The Instigator
Napier
Con (against)
Losing
3 Points
The Contender
TheLibertarian
Pro (for)
Winning
9 Points

Imperialism is bad for either the imperialist or the conquered.

Do you like this debate?NoYes+0
Add this debate to Google Add this debate to Delicious Add this debate to FaceBook Add this debate to Digg  
Vote Here
Con Tied Pro
Who did you agree with before the debate?
Who did you agree with after the debate?
Who had better conduct?
Who had better spelling and grammar?
Who made more convincing arguments?
Who used the most reliable sources?
Reasons for your voting decision
1,000 Characters Remaining
The voting period for this debate does not end.
Voting Style: Open Point System: 7 Point
Started: 12/11/2007 Category: Politics
Updated: 6 years ago Status: Voting Period
Viewed: 12,614 times Debate No: 242
Debate Rounds (3)
Comments (2)
Votes (4)

 

Napier

Con

Human history has been characterized by the physical growth of states, by powerful states expanding their borders at the cost of weaker states. Since about the 19th Century, all states in the world have been more or less defined and expansion became a zero-sum game (in the eyes of all nations of the world). In order to expand, European powers had to attack and subjugate recognized sovereigns.

However, the 19th Century, largely characterized by imperialism, was not in fact the darkest era of human history. In fact, it was marked by rapid progress not only of the European industrial nations, but also their colonies. Until the Age of Imperialism, the small and undeveloped nations of Africa, Asia, and Oceania had not had very large economic communities. Poor technology and under-development had restricted their areas of trade to their immediate neighbours. Basic economic sense dictates that their more exotic commodities were of little value to their immediate neighbours, where they similarly abounded.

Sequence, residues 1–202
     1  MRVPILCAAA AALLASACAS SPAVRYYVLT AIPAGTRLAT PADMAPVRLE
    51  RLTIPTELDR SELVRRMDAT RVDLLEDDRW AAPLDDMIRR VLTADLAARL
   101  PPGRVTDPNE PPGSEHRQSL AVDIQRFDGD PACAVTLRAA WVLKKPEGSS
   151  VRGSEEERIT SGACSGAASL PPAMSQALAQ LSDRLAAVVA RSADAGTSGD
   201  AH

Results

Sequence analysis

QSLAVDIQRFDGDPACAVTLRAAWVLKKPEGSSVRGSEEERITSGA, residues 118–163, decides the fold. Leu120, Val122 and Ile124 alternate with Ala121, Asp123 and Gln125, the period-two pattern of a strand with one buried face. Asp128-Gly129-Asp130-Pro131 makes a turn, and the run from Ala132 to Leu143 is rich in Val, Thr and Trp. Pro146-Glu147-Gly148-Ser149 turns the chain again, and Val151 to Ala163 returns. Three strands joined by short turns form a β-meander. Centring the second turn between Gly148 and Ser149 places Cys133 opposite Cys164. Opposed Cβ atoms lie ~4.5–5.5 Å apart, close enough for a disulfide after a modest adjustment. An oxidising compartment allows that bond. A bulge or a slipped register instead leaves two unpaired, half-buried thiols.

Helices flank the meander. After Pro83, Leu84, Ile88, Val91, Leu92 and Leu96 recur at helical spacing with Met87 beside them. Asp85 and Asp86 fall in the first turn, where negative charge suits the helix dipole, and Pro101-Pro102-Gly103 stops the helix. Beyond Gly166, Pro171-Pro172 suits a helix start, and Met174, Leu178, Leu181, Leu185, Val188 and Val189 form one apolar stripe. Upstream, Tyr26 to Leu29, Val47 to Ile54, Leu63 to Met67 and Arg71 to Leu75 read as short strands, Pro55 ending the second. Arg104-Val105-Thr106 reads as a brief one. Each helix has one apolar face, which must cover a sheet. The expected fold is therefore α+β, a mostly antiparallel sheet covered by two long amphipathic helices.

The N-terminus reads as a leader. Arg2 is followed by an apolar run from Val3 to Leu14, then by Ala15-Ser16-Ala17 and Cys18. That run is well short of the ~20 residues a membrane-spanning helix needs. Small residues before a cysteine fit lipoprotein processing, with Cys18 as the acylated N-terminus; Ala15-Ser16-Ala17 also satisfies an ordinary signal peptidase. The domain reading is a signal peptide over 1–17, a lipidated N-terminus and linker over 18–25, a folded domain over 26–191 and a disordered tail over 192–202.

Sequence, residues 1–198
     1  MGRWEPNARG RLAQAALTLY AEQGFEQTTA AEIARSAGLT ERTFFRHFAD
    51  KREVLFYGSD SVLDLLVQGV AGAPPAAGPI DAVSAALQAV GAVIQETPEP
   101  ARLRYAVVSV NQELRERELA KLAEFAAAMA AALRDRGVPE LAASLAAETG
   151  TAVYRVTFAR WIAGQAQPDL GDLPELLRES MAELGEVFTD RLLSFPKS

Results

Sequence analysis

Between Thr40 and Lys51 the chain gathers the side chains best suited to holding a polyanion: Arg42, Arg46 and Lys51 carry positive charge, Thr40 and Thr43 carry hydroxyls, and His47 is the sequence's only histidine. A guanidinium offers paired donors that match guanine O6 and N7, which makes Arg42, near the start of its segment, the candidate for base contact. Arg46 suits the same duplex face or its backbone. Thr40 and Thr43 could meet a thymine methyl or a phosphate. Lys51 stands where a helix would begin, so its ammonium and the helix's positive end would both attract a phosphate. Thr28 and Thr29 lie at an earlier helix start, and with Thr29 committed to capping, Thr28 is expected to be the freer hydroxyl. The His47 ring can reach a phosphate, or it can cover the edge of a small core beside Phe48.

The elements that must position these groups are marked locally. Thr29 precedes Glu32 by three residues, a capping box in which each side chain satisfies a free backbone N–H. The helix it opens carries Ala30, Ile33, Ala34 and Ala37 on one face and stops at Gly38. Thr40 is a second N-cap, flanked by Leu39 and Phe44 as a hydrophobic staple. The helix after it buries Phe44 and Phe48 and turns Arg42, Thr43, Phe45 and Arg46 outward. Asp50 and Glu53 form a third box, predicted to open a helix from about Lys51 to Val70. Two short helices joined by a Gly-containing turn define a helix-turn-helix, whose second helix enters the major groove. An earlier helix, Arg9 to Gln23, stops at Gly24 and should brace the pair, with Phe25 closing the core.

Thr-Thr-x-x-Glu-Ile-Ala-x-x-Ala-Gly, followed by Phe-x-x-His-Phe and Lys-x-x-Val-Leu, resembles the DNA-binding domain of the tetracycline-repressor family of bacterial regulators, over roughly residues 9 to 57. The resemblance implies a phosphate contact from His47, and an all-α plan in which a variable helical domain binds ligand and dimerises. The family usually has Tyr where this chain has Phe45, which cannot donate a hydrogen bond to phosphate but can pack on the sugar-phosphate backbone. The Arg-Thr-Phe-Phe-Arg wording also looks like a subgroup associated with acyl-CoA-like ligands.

The imperialistic conquest of states in the 19th Century marked the end of this economic dark age. The military conquest and subjugation of African, Asian, and Oceanian peoples opened up a distant and wealthy market for their exotic goods. Unfortunately, this trade was generally monopolized by government-chartered European companies, but that monopoly did not extinguish economic growth. Contrarily, the monopolist companies generally had a great incentive to invest in infrastructure to increase the production of their holdings. The results of these investments included railroads in Kenya, mines in the Cape Colony, and oil wells in the Dutch East Indies.

Similarly, the conquered had the good fortune to no longer be responsible for their own defence. With the vast technological differences between Europe and the rest of the world, it would undoubtedly have taken an exorbitant investment in order to compete with wealthy Europe. However, the cost for Europeans to defend their colonies was usually so small that they did not even bother to tax their colonies for the greater part of the expence. Such an alleviation of defense spending allowed the third world economies (if one believes in supply-side economics) to grow, or (if one does not) to at least raise the standard of living.